Cortez v. Cortez, No. SD 30099 (Mo. App. S.D., July 29, 2010)

August 8th, 2011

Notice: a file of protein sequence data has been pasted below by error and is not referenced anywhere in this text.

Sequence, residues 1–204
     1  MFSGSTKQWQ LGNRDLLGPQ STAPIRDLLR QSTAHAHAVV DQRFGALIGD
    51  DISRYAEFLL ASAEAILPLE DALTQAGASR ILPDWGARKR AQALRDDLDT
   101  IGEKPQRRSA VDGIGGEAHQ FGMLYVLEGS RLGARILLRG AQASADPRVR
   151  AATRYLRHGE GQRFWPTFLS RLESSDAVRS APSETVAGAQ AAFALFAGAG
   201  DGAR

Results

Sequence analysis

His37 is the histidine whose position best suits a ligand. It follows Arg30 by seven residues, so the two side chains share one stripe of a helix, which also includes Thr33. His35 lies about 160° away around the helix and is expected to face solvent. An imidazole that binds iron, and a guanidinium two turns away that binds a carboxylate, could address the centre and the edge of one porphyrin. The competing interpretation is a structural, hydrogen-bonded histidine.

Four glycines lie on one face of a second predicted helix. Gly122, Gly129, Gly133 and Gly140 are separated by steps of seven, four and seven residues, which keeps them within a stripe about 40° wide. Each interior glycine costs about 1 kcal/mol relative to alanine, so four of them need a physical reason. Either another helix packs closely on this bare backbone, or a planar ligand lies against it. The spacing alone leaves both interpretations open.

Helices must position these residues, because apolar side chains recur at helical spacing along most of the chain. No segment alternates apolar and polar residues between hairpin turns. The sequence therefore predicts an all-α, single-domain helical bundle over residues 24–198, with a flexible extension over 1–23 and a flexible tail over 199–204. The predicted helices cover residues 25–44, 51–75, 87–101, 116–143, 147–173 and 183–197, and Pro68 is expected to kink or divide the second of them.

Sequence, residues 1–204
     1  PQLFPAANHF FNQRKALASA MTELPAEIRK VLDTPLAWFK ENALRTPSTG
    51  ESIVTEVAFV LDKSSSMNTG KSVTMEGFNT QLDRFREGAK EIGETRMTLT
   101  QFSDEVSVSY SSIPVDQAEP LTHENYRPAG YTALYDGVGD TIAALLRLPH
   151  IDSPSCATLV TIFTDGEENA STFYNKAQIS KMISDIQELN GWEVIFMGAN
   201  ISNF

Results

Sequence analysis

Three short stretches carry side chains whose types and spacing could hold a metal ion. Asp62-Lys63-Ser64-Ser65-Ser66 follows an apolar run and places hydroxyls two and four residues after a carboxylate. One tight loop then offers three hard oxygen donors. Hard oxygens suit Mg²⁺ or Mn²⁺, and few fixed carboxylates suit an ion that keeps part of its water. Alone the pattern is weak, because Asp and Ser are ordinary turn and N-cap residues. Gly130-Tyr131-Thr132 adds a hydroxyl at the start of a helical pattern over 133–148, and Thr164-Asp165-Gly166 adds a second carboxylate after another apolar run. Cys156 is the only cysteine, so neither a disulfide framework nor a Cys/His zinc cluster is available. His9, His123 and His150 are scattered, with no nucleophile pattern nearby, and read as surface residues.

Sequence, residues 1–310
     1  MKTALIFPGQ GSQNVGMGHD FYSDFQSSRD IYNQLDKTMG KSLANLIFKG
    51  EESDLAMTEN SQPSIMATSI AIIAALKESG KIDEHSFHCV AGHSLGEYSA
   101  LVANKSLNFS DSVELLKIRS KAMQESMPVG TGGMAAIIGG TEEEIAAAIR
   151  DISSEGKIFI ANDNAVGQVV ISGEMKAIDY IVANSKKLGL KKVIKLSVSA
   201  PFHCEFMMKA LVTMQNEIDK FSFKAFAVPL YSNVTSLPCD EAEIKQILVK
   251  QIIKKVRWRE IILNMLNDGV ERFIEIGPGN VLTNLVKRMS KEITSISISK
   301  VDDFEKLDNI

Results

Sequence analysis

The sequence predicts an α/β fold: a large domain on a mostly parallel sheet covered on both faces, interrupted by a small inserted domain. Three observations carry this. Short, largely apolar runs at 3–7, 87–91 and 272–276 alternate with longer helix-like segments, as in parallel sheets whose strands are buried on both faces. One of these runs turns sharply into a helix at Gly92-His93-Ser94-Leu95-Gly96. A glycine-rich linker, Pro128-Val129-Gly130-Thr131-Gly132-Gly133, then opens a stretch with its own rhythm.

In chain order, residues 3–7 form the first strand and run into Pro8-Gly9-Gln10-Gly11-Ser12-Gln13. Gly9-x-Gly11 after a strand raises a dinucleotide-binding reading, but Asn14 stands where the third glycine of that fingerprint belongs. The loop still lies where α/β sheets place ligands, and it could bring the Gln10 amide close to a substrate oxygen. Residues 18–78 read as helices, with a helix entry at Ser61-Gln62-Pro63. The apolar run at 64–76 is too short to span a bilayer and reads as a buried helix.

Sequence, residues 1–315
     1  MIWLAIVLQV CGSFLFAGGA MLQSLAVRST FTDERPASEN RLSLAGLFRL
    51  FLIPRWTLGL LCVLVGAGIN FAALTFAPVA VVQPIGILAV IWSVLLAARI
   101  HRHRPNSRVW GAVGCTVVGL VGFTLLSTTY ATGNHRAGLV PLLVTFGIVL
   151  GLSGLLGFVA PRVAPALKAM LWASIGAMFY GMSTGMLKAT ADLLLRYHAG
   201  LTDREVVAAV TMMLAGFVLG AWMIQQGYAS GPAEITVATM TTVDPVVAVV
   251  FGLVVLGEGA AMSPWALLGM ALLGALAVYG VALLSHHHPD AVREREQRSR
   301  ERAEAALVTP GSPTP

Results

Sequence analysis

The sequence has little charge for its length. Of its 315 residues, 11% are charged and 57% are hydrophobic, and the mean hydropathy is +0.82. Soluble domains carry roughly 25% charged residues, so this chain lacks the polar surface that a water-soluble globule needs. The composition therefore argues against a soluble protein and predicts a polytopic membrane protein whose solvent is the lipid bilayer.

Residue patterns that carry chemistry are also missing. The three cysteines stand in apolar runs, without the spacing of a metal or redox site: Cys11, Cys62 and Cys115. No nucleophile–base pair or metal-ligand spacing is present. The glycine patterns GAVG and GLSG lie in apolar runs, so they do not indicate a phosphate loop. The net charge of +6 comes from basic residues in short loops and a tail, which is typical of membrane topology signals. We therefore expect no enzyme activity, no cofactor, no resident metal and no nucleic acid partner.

Mother appealed a judgment of the circuit court of McDonald County denying her request to re­locate with the parties’ daughter and ordering her to return the child to Missouri. The child resided primarily with Mother, and Father had visitation. On or about December 7, 2008, she sent Father a letter by certified mail notifying him that she would be moving from Noel, Missouri (where Father also resided) to Dallas, Texas in 60 days. Fifty-three (53) days after the date of Mother’s notice, Father filed an objection to Mother’s relocation and a motion to modify. Mother moved to Dallas with the child and did not inform Father prior to any ruling by the court on Father’s motions. After moving, Mother filed a motion to dismiss Father’s motions on the grounds that Mother acquired an absolute right to relocate child when Father failed to object to her proposed relocation within 30 days of receiving Mother’s notice. The trial court held an evidentiary hearing and some of Mother’s testimony included that she did not have family in Dallas, TX and the schooling she was seeking in Texas was to assist her in obtaining her GED. Father testified that he saw the child every day at school when she resided in Missouri, she stayed with him for an hour after school 3-4 times a week, and he had visitation every Wednesday until 8:00 p.m. and once every two weeks from Friday through Monday. The trial court denied the reloca­tion and pending motions to modify, maintained the original court order and ordered the Mother to return the child to Missouri. The Mother appealed on the same grounds for her request that Father’s pleadings be dismissed, claiming that she had an absolute right to relocate due to Father’s failure to object to her proposed relocation within 30 days of receiving notice. The Court of Appeals affirmed the judgment and pointed to Mother’s failure to include in her notice a “proposal for a revised schedule of custody or visitation with the child” as required in § 452.377.2(5). Her notice only stated that the parties needed to come to an agreement on visitation at some time in the future, which the Court of Appeals states is not the equivalent of the requirement under 452.377.2(5). Mother argues that strict compliance with § 452.377 is not required per Baxley v. Jared, 91 S.W.3d at 20506. But the court distinguishes the facts, as Baxley stands for the proposition that notice by certified mail is not required if actual notice is proven and all other requirements of § 452.377 are met.